Notes: Mandarin orange, peach, passion fruit, orchid, gardenia, frangipani, ylang ylang, ginger, galangal, star anise, black pepper, sandalwood, oud, patchouli, oakmoss, tobacco, vetiver, orris root, benzoin, frankincense, styrax, tolu balsam, cacao, vanilla, smoke, civet, ambergris, musk
Les Trésors de Sriwijaya first catches my attention with a complex cloud of ripe, tropical fruit and sweet island blooms, inviting the mind's eye to dive deep into the jungle canopy to the legendary kingdom of Sriwijaya. Before long, I notice faint traces of smoke, and I start to imagine whispy plumes rising up from a network of villages that produce some of the finest riches in the Asian world, such as spices, woods and resins.
Auphorie are masters at creating animalic accords from synthetic and natural botanical sources. The fragrance features a very nice yet fairly safe blend of civet and ambergris. The animalic notes will delight lovers of animalics, yet someone who is unfamiliar with animalic notes probably wouldn't notice them.
In the drydown I notice what seems like caramel. Maybe it's the blend of sweet, vanilla-like benzoin with other balsams that creates this gourmand effect.
Spice is present if I dig for it, but it's mild. If I never saw the notes, I wouldn't think of Les Trésors de Sriwijaya as a spicy perfume. Instead, it fits the floral-woody-musk category very well. Perfumes in that category tend to be predominantly musky with floral and woody tones, and that is what I get here. Mild spices of star anise and black pepper pave the way to subtle but darker aromas.
While the base contains woods and resins, the fragrance on the whole is not as dark as the notes might imply. If you are anything like me, you see "oud" in a perfume and immediately think, "dark" and "Middle Eastern". Les Trésors de Sriwijaya is neither. It's a woody musk with a tropical twist. The tropical fruit lingers for hours, but it's not saccharine, so it brings a nice balance to the fragance to make it easily wearble. It's great for casual or daily use and versatile enough to use in warm or cool temperatures.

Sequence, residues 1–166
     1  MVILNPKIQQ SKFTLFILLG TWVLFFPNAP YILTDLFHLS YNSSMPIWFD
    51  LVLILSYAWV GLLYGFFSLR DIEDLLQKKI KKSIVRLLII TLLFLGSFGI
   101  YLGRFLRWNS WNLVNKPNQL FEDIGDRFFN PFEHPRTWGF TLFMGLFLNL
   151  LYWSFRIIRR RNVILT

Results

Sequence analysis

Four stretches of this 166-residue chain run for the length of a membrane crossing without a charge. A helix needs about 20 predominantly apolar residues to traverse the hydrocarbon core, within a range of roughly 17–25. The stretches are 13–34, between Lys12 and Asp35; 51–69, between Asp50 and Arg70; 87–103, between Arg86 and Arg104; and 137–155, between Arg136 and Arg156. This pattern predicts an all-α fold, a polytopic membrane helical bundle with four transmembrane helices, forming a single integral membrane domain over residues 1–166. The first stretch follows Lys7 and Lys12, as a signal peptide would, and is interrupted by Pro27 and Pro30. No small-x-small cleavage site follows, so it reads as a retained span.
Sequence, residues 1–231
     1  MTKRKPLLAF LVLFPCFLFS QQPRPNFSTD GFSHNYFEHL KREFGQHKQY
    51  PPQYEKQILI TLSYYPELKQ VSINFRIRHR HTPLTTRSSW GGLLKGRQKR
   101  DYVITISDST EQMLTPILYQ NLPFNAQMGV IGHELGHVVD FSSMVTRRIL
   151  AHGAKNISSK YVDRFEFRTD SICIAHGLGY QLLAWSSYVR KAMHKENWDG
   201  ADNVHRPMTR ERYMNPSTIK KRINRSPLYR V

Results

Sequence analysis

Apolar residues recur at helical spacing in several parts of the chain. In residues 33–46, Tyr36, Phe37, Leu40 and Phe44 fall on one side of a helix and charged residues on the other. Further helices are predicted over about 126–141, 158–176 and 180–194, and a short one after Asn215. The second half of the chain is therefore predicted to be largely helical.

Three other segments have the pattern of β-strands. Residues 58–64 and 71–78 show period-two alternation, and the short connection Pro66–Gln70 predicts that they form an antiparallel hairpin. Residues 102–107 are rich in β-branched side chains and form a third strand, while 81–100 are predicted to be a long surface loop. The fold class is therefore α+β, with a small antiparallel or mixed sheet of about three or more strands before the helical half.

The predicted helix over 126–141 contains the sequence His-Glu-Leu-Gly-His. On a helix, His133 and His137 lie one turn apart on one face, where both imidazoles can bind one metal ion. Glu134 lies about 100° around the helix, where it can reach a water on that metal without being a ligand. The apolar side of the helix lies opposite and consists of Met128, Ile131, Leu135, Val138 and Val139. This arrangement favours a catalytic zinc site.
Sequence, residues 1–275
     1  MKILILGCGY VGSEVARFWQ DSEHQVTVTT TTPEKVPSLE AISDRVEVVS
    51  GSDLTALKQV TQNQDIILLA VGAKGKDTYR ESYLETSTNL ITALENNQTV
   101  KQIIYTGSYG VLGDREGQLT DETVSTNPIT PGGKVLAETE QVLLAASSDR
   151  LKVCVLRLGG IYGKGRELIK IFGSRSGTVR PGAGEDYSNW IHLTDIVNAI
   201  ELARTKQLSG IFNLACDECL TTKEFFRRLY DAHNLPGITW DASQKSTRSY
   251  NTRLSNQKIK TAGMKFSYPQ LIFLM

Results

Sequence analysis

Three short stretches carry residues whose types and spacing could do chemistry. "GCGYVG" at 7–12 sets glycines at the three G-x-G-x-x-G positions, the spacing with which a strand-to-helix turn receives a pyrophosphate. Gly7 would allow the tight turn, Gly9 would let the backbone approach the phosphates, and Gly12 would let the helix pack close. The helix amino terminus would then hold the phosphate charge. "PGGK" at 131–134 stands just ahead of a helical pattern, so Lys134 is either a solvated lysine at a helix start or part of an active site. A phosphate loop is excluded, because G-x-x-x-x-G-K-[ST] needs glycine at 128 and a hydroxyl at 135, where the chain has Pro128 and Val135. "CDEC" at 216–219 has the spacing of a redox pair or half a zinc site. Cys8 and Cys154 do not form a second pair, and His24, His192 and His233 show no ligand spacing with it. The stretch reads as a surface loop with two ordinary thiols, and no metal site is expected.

The list of notes is long, and the perfume is every bit as complex as it sounds. I feel that different chemistries or even wearing the perfume in different temperatures can bring out different notes, so definitely sample first and see how it swings on you; then try again in a different season.
To me this is Auphorie's easiest pleaser, meaning that it's not challenging like some of their other fragrances can be (I'm looking at you, Binturong!). I'm using Coco Mademoiselle just as a reference point (only the EDT, which is woodier than the EDP and not syrupy sweet as the EDP). Imagine Coco Mademoiselle EDT--lots of synthetic musk, a base of woody amber, a touch of spice. Replace the citrus notes with tropical fruit. Add some naughty animalic notes. If you can do this, you might have an idea of the scent of Les Trésors de Sriwijaya. While easy to wear and versatile, it still very imaginative and beautifully crafted.